Lattice signal mast at southern end of yard.  Although the signal is not in the location I expected.  

Stock yard loading, and signal to the south  but still beside the stock siding. The signal diagram does not place the signal at the southern side of the stockyards, it places it on the northern side.  This area was also where the southern side of the triangle would have reattached to the line.  This picture taken from the Downfall Road

Close-up of the what remains of the stock loading ramps.



Umbango Creek was running.  This creek flows on the eastern side of the railway for a considerable distance

Humula 8 mile road bridge across Umbango Creek in Humula Village

Railway embankment - line heading towards Wagga. Picture taken from close to the picture of the road bridge

Abandoned Cottage close to the railway precinct roadway.  Unsure if the cottage had a railway connection

Another view of the cottage

Access road, that was once the road into the station.   There is not a lot left to indicate there was once a platform on the right. 

Lever frame at the northern end of the station yard

Another view of that lever frame, and structures in the background on what was once the sawmill site

Similar angle to my earlier B&W picture showing horses.  Taken from close to  the former Humula 8 mile road level crossing.  There has been much erosion in the embankment below the line, although it might have been once a stock grid.  The lever frame pictured earlier can just be made out below the tree.  Hasn't the tree grown compared to the earlier picture

Could this be part of the original sawmill?  It is in the right location

Another view of the enbankment north of the station

I found it amazing that so much of the line infrastructure could still be seen after 46 years with no trains.  Certainly, these images will definitely help when it comes to making a model.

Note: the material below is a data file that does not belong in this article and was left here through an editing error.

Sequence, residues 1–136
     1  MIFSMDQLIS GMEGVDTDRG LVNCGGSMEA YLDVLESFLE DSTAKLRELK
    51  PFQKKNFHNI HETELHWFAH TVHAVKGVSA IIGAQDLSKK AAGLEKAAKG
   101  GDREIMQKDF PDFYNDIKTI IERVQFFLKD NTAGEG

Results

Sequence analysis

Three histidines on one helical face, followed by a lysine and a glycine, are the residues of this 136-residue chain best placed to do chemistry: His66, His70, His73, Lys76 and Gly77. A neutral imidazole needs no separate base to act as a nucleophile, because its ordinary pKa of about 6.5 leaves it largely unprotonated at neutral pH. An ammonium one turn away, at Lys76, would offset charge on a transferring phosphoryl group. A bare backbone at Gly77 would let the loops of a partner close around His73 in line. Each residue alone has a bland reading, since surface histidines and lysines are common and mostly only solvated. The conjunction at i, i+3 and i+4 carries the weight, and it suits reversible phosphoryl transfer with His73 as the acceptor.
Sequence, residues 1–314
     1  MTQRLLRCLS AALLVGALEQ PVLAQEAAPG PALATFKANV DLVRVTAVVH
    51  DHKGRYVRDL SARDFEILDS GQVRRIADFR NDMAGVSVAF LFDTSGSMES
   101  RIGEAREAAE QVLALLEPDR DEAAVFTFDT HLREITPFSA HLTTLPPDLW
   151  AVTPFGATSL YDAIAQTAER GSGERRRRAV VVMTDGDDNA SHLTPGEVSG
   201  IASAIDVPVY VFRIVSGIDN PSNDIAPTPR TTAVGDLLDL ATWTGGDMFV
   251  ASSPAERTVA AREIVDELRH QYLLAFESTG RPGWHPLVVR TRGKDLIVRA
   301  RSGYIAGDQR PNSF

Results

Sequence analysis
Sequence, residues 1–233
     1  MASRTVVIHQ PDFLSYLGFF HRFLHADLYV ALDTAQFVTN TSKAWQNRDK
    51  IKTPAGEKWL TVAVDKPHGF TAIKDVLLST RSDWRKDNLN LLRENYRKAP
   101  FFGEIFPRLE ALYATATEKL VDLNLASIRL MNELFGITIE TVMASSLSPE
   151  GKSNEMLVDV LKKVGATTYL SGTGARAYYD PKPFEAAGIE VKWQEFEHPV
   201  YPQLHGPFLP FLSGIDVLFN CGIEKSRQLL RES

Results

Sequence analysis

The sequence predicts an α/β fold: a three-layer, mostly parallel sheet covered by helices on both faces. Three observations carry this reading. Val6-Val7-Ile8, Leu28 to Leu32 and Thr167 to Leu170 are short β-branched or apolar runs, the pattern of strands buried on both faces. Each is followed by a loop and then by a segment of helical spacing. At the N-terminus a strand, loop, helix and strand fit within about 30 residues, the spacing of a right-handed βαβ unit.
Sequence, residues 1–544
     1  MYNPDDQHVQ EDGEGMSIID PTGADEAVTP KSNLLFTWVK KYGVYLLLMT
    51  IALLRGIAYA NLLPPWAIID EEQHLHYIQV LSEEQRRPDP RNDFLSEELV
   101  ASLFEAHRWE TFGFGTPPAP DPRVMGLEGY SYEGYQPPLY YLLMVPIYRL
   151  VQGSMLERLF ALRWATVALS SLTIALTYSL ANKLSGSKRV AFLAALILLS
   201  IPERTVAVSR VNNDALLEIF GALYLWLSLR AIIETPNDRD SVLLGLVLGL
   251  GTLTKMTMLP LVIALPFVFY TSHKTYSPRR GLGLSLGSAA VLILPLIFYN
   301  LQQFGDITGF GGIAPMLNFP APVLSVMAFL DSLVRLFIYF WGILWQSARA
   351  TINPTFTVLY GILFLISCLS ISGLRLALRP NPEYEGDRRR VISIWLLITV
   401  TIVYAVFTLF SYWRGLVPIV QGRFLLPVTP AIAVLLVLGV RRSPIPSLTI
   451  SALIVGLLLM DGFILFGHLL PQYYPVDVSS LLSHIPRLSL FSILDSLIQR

Until next time.


3 comments:

  1. Hi Rob, this link may be of use to you - it mentions an abandoned farmhouse near Humula, so that could answer your question above - https://railpage.com.au/f-p2053069.htm

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  2. Thanks again Robert for your information, and link. No, not the same structure. BTW, I now have your recent recommendation, the "Recycling Rail" book by Ron Frew, which I am currently reading. Lots of great information, and answers a question I posed in the previous blog post on Docker street sidings - the owner of the sawmill at Tumbarumba is Hardys - and a picture of timber being carted by rail. I will review in a future blog-post.

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  3. Some more information has come to hand. The water tank was purchased by Southern Riverina County council, in Jan 1964, and moved to the hill to provide/supplement the water supply for Humula. Although why the railways would then spend money to reconnect the water columns for the very few steam locos after 1964 remains a mystery.

    And the cottage, according to information provided by Rod Smith, was owned by Les Sykes - who also owned the land that the triangle was on. So unfortunately, is is not directly connected to the railway.